Deep learning detects cardiotoxicity in a high-content screen with induced pluripotent stem cell-derived cardiomyocytes

Abstract

Drug-induced cardiotoxicity and hepatotoxicity are major causes of drug attrition. To decrease late-stage drug attrition, pharmaceutical and biotechnology industries need to establish biologically relevant models that use phenotypic screening to detect drug-induced toxicity in vitro. In this study, we sought to rapidly detect patterns of cardiotoxicity using high-content image analysis with deep learning and induced pluripotent stem cell-derived cardiomyocytes (iPSC-CMs). We screened a library of 1280 bioactive compounds and identified those with potential cardiotoxic liabilities in iPSC-CMs using a single-parameter score based on deep learning. Compounds demonstrating cardiotoxicity in iPSC-CMs included DNA intercalators, ion channel blockers, epidermal growth factor receptor, cyclin-dependent kinase, and multi-kinase inhibitors. We also screened a diverse library of molecules with unknown targets and identified chemical frameworks that show cardiotoxic signal in iPSC-CMs. By using this screening approach during target discovery and lead optimization, we can de-risk early-stage drug discovery. We show that the broad applicability of combining deep learning with iPSC technology is an effective way to interrogate cellular phenotypes and identify drugs that may protect against diseased phenotypes and deleterious mutations.

Data availability

Our RNA-Seq data has been deposited on the Gene Expression Omnibus (GEO) database. GEO Submission (GSE172181):https://www.ncbi.nlm.nih.gov/geo/query/acc.cgi?acc=GSE172181

The following data sets were generated

Article and author information

Author details

  1. Francis Grafton

    Drug Discovery, Tenaya Therapeutics, South San Francisco, United States
    Competing interests
    Francis Grafton, is an employee of Tenaya Therapeutics and has stock holdings in the company..
  2. Jaclyn Ho

    Drug Discovery, Tenaya Therapeutics, South San Francisco, United States
    Competing interests
    Jaclyn Ho, is an employee of Tenaya Therapeutics and has stock holdings in the company..
  3. Sara Ranjbarvaziri

    Pediatrics (Cardiology),, Stanford University, Palo Alto, United States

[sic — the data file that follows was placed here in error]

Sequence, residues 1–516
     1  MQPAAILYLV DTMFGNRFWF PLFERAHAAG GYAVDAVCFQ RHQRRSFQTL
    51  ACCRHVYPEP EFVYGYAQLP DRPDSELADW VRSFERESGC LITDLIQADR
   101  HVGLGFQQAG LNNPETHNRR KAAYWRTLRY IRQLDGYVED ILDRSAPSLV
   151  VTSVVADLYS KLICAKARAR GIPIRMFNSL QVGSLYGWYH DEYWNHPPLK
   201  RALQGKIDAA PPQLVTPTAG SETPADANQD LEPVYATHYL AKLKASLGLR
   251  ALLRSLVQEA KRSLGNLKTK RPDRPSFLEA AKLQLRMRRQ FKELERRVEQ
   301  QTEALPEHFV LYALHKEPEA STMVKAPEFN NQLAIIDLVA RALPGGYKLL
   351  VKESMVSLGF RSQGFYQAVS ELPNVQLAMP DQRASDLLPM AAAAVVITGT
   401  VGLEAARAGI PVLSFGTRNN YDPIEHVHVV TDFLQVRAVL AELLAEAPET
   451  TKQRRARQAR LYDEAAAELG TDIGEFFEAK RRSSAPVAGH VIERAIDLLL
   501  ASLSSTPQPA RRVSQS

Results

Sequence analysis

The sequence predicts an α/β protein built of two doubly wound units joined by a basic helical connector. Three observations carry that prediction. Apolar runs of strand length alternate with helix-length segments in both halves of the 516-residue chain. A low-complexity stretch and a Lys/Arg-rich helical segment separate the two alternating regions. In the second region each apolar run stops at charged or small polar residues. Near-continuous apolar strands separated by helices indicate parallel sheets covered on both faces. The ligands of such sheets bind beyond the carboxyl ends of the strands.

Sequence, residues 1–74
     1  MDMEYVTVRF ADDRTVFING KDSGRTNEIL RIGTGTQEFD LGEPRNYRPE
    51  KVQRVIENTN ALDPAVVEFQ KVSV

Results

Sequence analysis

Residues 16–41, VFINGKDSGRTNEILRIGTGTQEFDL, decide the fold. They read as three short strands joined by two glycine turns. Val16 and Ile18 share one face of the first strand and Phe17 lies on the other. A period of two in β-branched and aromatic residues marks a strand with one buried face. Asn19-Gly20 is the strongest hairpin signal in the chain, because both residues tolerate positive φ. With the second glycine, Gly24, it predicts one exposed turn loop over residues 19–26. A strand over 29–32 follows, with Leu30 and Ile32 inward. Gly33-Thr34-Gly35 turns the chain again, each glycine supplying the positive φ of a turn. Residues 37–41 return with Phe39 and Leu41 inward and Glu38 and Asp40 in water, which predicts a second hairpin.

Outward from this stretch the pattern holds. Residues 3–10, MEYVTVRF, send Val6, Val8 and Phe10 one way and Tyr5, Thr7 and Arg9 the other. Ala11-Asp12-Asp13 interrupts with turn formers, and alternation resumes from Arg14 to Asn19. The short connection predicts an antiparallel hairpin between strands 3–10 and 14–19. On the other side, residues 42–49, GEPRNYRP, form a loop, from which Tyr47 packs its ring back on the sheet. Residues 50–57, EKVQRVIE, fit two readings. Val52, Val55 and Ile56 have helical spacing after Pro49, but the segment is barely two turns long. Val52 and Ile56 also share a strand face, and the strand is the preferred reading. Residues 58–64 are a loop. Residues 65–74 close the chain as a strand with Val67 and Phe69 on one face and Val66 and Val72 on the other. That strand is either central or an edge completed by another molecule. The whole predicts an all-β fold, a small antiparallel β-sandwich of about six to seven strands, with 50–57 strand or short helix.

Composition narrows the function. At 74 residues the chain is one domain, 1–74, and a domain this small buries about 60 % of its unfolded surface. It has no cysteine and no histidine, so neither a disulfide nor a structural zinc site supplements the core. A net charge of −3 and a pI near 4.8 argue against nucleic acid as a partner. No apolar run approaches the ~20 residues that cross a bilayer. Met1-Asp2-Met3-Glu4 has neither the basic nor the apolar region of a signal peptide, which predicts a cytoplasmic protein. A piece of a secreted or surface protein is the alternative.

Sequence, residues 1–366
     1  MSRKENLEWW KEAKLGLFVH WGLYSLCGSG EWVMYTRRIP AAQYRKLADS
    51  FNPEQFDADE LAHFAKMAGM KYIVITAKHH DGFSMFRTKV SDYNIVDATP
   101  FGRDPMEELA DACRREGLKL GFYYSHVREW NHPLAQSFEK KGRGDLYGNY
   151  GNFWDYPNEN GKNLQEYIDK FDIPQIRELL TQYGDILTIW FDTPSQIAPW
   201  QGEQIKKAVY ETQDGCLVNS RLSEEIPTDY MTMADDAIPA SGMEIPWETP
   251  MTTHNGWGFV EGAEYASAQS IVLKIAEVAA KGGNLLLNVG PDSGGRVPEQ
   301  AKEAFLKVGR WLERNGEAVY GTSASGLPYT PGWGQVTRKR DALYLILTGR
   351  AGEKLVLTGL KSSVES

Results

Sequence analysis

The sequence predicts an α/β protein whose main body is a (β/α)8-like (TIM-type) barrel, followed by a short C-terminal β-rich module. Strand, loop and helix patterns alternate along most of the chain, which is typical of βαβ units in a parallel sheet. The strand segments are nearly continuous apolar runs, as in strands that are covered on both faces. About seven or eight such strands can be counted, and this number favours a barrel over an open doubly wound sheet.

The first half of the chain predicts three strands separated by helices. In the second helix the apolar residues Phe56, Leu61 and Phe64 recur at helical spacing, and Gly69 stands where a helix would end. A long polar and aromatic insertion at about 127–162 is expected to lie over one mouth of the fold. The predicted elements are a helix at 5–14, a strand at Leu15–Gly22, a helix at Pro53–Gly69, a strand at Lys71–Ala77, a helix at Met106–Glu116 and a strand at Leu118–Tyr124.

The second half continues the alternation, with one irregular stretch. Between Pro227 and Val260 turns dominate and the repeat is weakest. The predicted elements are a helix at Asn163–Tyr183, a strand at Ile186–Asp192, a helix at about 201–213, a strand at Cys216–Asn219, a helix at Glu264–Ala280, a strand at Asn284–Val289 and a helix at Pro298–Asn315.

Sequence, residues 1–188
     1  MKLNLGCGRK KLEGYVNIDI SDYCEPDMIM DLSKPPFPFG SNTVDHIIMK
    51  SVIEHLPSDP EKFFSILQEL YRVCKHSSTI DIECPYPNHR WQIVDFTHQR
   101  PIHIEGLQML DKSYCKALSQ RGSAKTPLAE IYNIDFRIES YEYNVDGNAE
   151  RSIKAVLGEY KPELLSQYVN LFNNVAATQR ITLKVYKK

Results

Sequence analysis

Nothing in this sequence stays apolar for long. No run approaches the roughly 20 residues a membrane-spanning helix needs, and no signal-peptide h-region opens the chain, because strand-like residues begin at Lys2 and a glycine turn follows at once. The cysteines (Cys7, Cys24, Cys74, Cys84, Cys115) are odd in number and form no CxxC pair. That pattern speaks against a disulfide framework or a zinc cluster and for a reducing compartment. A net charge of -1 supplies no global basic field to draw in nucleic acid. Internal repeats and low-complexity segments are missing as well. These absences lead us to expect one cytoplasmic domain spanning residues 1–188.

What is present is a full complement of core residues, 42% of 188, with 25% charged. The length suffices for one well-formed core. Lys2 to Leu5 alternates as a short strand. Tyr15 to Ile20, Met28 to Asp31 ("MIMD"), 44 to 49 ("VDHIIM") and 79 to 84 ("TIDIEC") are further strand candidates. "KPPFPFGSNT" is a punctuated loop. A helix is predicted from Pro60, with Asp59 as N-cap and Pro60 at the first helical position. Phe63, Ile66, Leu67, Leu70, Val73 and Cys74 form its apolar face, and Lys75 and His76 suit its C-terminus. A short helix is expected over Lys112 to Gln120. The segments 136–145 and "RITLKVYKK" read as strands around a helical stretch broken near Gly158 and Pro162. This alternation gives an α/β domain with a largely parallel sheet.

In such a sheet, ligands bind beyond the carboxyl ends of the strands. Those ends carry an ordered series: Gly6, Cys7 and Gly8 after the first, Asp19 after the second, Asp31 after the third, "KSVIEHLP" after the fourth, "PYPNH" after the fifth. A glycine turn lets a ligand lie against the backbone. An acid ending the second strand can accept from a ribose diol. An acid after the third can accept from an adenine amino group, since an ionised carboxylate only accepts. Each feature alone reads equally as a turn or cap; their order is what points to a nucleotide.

Competing interests
    No competing interests declared.
  4. Farshad Farshidfar

    Drug Discovery, Tenaya Therapeutics, South San Francisco, United States
    Competing interests
    Farshad Farshidfar, is an employee of Tenaya Therapeutics and has stock holdings in the company..
  5. Anastasiia Budan

    Drug Discovery, Tenaya Therapeutics, South San Francisco, United States
    Competing interests
    Anastasiia Budan, is an employee of Tenaya Therapeutics and has stock holdings in the company..
  6. Stephanie Steltzer

    Drug Discovery, Tenaya Therapeutics, South San Francisco, United States
    Competing interests
    Stephanie Steltzer, is an employee of Tenaya Therapeutics and has stock holdings in the company..
  7. Mahnaz Maddah

    -, Dana Solutions, Palo Alto, United States
    Competing interests
    Mahnaz Maddah, is affiliated with Dana Solutions. The author has no other competing interests to declare..
  8. Kevin E Loewke

    -, Dana Solutions, Palo Alto, United States
    Competing interests
    Kevin E Loewke, is affiliated with Dana Solutions. The author has no other competing interests to declare..
  9. Kristina Green

    Drug Discovery, Tenaya Therapeutics, South San Francisco, United States
    Competing interests
    Kristina Green, is an employee of Tenaya Therapeutics and has stock holdings in the company..
  10. Snahel Patel

    Drug Discovery, Tenaya Therapeutics, South San Francisco, United States
    Competing interests
    Snahel Patel, is an employee of Tenaya Therapeutics and has stock holdings in the company..
  11. Tim Hoey

    Drug Discovery, Tenaya Therapeutics, South San Francisco, United States
    Competing interests
    Tim Hoey, is an employee of Tenaya Therapeutics and has stock holdings in the company..
  12. Mohammad Ali Mandegar

    Tenaya Therapeutics, Tenaya Therapeutics, South San Francisco, United States
    For correspondence
    mandegar@tenayathera.com
    Competing interests
    Mohammad Ali Mandegar, is an employee of Tenaya Therapeutics and has stock holdings in the company..
    ORCID icon "This ORCID iD identifies the author of this article:" 0000-0002-5323-7891

Funding

No external funding was received for this work

Reviewing Editor

  1. Arduino A Mangoni, Flinders Medical Centre, Australia

Version history

  1. Preprint posted: March 24, 2021 (view preprint)
  2. Received: March 24, 2021
  3. Accepted: July 27, 2021
  4. Accepted Manuscript published: August 2, 2021 (version 1)
  5. Version of Record published: August 16, 2021 (version 2)

Copyright

© 2021, Grafton et al.

This article is distributed under the terms of the Creative Commons Attribution License permitting unrestricted use and redistribution provided that the original author and source are credited.

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  1. Francis Grafton
  2. Jaclyn Ho
  3. Sara Ranjbarvaziri
  4. Farshad Farshidfar
  5. Anastasiia Budan
  6. Stephanie Steltzer
  7. Mahnaz Maddah
  8. Kevin E Loewke
  9. Kristina Green
  10. Snahel Patel
  11. Tim Hoey
  12. Mohammad Ali Mandegar
(2021)
Deep learning detects cardiotoxicity in a high-content screen with induced pluripotent stem cell-derived cardiomyocytes
eLife 10:e68714.
https://doi.org/10.7554/eLife.68714

Share this article

https://doi.org/10.7554/eLife.68714

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